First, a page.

How I Lost These Poems

In middle school, we were tasked with creating an original poetry book with one haiku, a free form, and various other types of poetry. Since then, I’ve learned a lot about other types of poems, like pantoums, and how poetry doesn’t have to necessarily rhyme. This semester in college, I anticipate to learn more about poetry.

That being said, something I learned from my introduction to creative writing class is that it is extremely fun to look back at old works. I had such joy looking back at my middle school work on the poetry book, which was titled, How These Poems Got Lost. The pieces in there are something, for sure. In this blog, I’m going to share one of the poems from that book that I’ve workshopped and fixed up. In the future, I might repost the originals and rework on the poetry book in its entirety. But for now, I hope you enjoy “How These Poems Got Lost” and the edited version, “How I Lost This Poem”.

How These Poems GOT LOST (8th Grade version)

I don’t know who ought to trust,
The lady on the beach is a lobster sunbathing,
Only if I must,
Or the man with a cap who’s eye was a telescope looking for nonsense.

When I was looking away,
I really must say,
The accomplice of the man with the cap is very quite fast.
He snuck the book away like a robber with stolen money, running away.

When I turned around, I was sad to see,
I lost these poems with no ease!
I looked high,
I looked low,
I guess I was too slow
Nearly I was not smart to know,
He had buried it into the sand!

The book was ruined,
The book wasn’t neat,
The dots stained,
Into the ocean and off it went far, far, away,

The poems got lost because of me, you see,
and this book still comes back to haunt me.

Author’s Note: It does still haunt me. I find it hilarious though that within the poem I compare a poor lady to a lobster (?) and I sound so formally informal at times. The fact that I wasn’t happy with this poem led to me fixing this poem up.

How I Lost This Poem (2022 Version)

Walking with this page in hand, set it down in the sand,
Untrustworthy glances accompanied me, before I left into the sea.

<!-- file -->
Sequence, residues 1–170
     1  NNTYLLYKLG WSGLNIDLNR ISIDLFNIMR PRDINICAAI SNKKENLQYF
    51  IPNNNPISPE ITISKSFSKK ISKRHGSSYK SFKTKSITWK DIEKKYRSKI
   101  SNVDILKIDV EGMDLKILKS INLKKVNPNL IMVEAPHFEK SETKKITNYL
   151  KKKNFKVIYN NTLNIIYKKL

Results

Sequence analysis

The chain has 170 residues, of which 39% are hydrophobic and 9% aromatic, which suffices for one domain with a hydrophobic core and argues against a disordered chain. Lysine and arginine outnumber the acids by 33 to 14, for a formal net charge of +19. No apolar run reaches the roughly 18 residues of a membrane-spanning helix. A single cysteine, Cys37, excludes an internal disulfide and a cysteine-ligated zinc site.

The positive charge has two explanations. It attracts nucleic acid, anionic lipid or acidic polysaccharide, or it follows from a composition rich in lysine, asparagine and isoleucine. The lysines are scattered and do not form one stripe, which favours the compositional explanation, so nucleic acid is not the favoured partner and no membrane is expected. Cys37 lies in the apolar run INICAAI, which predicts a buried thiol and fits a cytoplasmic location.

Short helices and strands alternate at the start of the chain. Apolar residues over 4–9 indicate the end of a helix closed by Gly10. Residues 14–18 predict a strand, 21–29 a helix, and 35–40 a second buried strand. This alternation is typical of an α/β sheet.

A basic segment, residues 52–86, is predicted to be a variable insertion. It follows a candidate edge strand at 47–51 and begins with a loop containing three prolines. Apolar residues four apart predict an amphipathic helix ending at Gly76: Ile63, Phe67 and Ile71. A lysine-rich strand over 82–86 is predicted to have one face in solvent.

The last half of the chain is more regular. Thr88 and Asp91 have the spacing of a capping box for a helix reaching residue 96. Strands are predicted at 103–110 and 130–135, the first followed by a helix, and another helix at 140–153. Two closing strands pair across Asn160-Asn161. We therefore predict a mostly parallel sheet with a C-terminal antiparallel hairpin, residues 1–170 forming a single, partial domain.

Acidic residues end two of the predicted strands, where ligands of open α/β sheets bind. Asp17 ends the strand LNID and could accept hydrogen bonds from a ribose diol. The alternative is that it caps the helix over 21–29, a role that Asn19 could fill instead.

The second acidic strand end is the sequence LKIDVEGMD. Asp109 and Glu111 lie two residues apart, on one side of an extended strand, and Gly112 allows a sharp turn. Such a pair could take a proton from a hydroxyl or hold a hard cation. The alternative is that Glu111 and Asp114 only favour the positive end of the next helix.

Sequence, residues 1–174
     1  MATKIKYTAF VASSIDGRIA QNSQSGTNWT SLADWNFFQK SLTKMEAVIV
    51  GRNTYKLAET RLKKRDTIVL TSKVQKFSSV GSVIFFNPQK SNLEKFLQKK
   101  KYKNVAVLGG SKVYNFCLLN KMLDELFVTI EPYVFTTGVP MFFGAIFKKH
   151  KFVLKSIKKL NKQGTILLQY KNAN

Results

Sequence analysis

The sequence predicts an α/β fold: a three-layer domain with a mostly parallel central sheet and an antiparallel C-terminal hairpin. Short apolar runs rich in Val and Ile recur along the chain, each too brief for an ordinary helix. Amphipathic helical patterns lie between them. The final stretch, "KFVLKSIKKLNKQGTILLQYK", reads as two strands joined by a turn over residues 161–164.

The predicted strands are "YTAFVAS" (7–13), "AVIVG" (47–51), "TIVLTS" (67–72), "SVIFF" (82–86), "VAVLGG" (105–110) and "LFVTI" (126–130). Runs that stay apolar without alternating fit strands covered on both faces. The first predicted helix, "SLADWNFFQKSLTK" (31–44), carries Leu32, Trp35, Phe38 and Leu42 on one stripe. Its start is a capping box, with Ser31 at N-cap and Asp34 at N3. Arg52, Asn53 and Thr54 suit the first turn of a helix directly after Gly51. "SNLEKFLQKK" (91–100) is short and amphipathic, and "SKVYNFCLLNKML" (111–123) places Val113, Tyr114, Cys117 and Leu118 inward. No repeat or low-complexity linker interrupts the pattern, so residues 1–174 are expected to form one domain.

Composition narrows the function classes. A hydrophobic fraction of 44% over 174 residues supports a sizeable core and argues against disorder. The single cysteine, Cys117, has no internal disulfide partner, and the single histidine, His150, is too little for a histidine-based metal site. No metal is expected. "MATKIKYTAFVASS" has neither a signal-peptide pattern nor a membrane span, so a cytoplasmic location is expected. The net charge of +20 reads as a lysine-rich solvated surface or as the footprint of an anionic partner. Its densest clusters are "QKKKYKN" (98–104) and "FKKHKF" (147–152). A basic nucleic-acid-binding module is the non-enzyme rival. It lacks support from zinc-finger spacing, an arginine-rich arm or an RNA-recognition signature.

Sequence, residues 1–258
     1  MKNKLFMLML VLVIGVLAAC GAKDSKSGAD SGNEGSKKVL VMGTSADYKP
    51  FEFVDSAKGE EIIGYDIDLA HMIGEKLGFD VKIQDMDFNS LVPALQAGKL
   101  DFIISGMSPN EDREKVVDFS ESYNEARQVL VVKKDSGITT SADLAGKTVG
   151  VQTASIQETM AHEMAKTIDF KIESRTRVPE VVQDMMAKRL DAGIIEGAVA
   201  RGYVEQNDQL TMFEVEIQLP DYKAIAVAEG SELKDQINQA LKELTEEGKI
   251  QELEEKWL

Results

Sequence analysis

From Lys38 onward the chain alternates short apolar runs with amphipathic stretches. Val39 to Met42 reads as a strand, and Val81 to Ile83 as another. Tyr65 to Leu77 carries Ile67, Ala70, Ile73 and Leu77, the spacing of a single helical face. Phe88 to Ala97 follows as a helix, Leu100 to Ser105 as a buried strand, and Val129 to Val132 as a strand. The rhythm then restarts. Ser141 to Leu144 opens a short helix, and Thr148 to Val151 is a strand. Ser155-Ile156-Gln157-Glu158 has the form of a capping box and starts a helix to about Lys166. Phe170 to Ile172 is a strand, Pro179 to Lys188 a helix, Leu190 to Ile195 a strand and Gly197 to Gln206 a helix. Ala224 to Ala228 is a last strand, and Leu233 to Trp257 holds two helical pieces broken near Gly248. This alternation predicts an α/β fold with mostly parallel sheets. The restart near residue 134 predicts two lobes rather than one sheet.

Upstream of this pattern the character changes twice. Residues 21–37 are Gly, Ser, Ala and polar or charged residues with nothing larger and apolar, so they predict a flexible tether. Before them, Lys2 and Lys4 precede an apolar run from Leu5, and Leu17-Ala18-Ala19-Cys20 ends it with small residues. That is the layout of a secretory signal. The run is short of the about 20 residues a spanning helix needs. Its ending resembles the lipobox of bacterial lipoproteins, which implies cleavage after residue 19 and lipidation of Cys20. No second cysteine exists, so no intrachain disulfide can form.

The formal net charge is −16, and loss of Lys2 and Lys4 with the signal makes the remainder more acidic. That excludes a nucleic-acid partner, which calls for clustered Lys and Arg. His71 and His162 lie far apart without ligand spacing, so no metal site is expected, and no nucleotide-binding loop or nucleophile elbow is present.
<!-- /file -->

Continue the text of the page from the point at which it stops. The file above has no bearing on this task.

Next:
No significance to this page, rhymes that come and go with age,
But plainly, it swept someone off their feet,
As this poem was taken from me.

Diving in the ocean blue, looking for a hidden clue,
to an ancient mystery, detailed on that very page.
Clueless as a clam to the stolen book in hand,
That slithery stranger stole from me.

Came back to the sunny shores, looking for this page to see,
It got up, grew legs, and ran from me.
Confusion sprung, then terror hit;
This poem was given to me as a “temporary” gift,
And here I did misplace it.

The ocean forming in my eyes, when I noticed a disguise,
Thrown into a green bin, with this poem as the cherry on top.
No significance to the page, rhymes that came and went in a day,
But plainly, it held some importance to me, 
As I cared for it deeply.

Author’s note: Nope. Still not happy with how it turned out.

Overall, I don’t believe poetry is a strength of mine in creative writing, but it doesn’t have to be. While I don’t write as much poetry, unless it’s for a school assignment, poetry doesn’t have to be something you’re good at. If you want to express certain emotions or feelings or even just want to jot down a quick story, poetry is the best way to capture that. I’m not proud of my poetry, but it is fun to look back at, critique, and enjoy.

Hope you all enjoyed those two poems. Have a great week ahead!

Leave a Reply

Your email address will not be published.